On a Steel Horse I Ride: A History of the MH-53 Pave Low Helicopters in War and Peace
by Darrel D. Whitcomb, Air University Press, Montgomery, Ala., 2012, $81, free PDF download available at aupress.au.af.mil.
I don’t think it’s an exaggeration to say that On a Steel Horse I Ride is worthy of a Pulitzer Prize based on the depth and breadth of its research, the quality of its writing and the importance of its subject. In 769 fact-filled, emotion-charged pages, Darrel Whitcomb presents the 40-plus-year saga of the Sikorsky MH-53J Pave Low helicopter. Only someone with his combat flying experience and dedicated research capability could have written this book, and only the Air University Press would have had the good sense to publish it in such polished form.
The MH-53J Pave Low is truly a steel horse of legendary might, assigned to the most difficult tasks in combat, and capable of pulling them off time after time, war after war. The ability to do so rests of course upon the air and ground crews that operated them, and their adaptability to new conditions, climates and equipment.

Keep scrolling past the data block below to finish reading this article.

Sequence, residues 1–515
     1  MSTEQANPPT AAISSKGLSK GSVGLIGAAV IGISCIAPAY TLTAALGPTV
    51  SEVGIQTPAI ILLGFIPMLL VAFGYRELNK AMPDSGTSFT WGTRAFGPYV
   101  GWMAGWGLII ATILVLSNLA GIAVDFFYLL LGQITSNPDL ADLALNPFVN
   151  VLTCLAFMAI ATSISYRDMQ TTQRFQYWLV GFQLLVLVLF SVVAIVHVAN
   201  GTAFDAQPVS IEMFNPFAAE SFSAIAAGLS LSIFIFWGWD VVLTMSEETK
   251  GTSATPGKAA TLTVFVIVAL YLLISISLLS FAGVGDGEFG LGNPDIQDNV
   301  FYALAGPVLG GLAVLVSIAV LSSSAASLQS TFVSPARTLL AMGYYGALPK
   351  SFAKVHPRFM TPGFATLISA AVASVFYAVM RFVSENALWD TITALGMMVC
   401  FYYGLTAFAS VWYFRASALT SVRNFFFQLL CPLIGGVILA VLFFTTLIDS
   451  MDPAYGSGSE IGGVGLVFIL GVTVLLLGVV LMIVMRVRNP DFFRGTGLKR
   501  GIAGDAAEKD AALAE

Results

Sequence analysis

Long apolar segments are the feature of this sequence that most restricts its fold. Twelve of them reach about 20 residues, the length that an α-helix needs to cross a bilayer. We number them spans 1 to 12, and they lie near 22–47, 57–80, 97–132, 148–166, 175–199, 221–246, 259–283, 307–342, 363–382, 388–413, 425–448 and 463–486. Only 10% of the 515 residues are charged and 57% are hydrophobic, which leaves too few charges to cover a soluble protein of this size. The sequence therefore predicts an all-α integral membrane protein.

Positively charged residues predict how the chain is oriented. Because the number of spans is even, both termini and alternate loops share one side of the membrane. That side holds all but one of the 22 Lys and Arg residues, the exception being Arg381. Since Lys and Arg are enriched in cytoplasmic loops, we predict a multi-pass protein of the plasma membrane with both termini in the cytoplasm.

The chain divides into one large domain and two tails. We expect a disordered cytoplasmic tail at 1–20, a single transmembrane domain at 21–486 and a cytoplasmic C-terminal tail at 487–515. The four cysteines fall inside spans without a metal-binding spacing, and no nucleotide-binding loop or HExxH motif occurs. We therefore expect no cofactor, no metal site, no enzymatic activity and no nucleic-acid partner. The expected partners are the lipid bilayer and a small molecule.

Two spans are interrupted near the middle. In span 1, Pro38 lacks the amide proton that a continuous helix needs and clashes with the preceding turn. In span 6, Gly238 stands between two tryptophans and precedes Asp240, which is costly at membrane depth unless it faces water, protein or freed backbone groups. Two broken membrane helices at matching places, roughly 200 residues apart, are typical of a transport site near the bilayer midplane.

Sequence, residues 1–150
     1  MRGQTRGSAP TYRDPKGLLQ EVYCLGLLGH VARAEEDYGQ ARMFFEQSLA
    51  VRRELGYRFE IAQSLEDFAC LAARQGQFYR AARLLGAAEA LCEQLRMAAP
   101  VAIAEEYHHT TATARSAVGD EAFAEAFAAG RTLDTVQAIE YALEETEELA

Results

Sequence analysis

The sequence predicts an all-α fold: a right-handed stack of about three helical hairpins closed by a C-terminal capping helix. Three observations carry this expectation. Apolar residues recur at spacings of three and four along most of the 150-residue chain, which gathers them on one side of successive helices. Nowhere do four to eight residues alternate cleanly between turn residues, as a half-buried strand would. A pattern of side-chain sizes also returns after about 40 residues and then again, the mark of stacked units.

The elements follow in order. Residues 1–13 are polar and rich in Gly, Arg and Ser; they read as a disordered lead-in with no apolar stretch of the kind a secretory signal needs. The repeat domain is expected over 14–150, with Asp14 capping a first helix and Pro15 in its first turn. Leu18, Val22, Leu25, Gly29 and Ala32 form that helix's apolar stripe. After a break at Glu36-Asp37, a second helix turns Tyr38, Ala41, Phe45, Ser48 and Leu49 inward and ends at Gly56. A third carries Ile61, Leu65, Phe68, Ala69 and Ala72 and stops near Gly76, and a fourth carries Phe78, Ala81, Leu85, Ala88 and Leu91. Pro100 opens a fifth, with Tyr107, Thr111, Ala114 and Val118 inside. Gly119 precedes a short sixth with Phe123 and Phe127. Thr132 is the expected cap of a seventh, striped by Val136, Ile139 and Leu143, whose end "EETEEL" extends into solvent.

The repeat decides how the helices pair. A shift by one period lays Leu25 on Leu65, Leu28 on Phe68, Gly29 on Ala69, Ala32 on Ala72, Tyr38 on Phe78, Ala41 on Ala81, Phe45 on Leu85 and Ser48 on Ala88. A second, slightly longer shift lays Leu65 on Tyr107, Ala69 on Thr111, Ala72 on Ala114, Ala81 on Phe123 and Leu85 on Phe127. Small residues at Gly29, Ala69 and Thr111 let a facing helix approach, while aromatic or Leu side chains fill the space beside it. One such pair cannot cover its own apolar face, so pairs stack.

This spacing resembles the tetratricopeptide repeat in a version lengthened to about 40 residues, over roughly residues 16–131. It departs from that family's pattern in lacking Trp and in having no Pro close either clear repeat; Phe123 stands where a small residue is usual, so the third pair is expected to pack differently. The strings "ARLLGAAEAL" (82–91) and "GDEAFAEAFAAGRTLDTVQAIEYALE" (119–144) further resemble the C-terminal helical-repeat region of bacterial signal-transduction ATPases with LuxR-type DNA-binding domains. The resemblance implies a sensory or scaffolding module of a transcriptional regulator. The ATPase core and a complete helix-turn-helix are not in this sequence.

Fielded by the Air Force Special Operations Command, the Pave Low was used by the famous 1st Special Operations Wing, whose motto is “Any Time, Any Place.” They were also flown by the 58th SOW and the 352nd and 353rd Special Operations groups in actions around the world.
Whitcomb pulls the reader into the cockpit with him while describing the risky missions that made the Pave Low famous. He also manages to detail the origins of the aircraft, its serial development to meet new combat challenges and its operational history. In lesser hands, the intricate and often bureaucratic background to this development might be boring, but Whitcomb makes it as interesting as the combat action.
The author lays out the life story of the Pave Low and its operators in detail. He supplements this with six information-filled appendices, a useful list of abbreviations, a 24-page bibliography of impressive depth and a detailed index. The book is admirably illustrated with photos emphasizing individual personnel, as well as key locations and aircraft, and buttressed with maps of the theaters in which the Pave Lows flew their missions.
You would be hard-pressed to find a more thoroughly researched, all-encompassing work about an aircraft and its military history. Whitcomb’s book ranks with Dennis Jenkins’ masterpiece Space Shuttle: The History of the National Space Transportation System, and definitely sets the bar much higher for aviation authors.
Originally published in the July 2013 issue of Aviation History. To subscribe, click here.